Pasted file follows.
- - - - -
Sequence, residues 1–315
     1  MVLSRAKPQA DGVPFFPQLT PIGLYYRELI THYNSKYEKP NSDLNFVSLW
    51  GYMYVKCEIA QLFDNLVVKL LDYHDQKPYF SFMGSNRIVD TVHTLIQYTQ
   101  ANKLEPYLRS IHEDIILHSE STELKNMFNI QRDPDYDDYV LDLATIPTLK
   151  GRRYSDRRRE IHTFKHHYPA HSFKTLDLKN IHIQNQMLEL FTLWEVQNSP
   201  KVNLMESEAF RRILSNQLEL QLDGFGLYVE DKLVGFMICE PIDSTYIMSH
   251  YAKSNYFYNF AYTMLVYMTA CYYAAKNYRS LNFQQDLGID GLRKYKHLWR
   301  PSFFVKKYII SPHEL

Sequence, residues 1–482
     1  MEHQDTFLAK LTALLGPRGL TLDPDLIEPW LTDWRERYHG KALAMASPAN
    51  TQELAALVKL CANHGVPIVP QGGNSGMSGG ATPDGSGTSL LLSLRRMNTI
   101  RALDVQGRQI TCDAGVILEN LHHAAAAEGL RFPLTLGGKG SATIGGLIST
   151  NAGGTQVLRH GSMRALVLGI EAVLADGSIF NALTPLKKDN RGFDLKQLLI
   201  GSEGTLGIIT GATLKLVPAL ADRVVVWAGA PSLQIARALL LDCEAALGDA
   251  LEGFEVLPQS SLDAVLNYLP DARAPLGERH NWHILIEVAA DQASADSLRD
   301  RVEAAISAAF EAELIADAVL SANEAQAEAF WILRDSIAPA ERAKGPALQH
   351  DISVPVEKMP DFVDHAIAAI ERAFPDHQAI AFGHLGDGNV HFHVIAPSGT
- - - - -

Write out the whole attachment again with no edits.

Sequence, residues 1–315
     1  MVLSRAKPQA DGVPFFPQLT PIGLYYRELI THYNSKYEKP NSDLNFVSLW
    51  GYMYVKCEIA QLFDNLVVKL LDYHDQKPYF SFMGSNRIVD TVHTLIQYTQ
   101  ANKLEPYLRS IHEDIILHSE STELKNMFNI QRDPDYDDYV LDLATIPTLK
   151  GRRYSDRRRE IHTFKHHYPA HSFKTLDLKN IHIQNQMLEL FTLWEVQNSP
   201  KVNLMESEAF RRILSNQLEL QLDGFGLYVE DKLVGFMICE PIDSTYIMSH
   251  YAKSNYFYNF AYTMLVYMTA CYYAAKNYRS LNFQQDLGID GLRKYKHLWR
   301  PSFFVKKYII SPHEL

Sequence, residues 1–482
     1  MEHQDTFLAK LTALLGPRGL TLDPDLIEPW LTDWRERYHG KALAMASPAN
    51  TQELAALVKL CANHGVPIVP QGGNSGMSGG ATPDGSGTSL LLSLRRMNTI
   101  RALDVQGRQI TCDAGVILEN LHHAAAAEGL RFPLTLGGKG SATIGGLIST
   151  NAGGTQVLRH GSMRALVLGI EAVLADGSIF NALTPLKKDN RGFDLKQLLI
   201  GSEGTLGIIT GATLKLVPAL ADRVVVWAGA PSLQIARALL LDCEAALGDA
   251  LEGFEVLPQS SLDAVLNYLP DARAPLGERH NWHILIEVAA DQASADSLRD
   301  RVEAAISAAF EAELIADAVL SANEAQAEAF WILRDSIAPA ERAKGPALQH
   351  DISVPVEKMP DFVDHAIAAI ERAFPDHQAI AFGHLGDGNV HFHVIAPSGT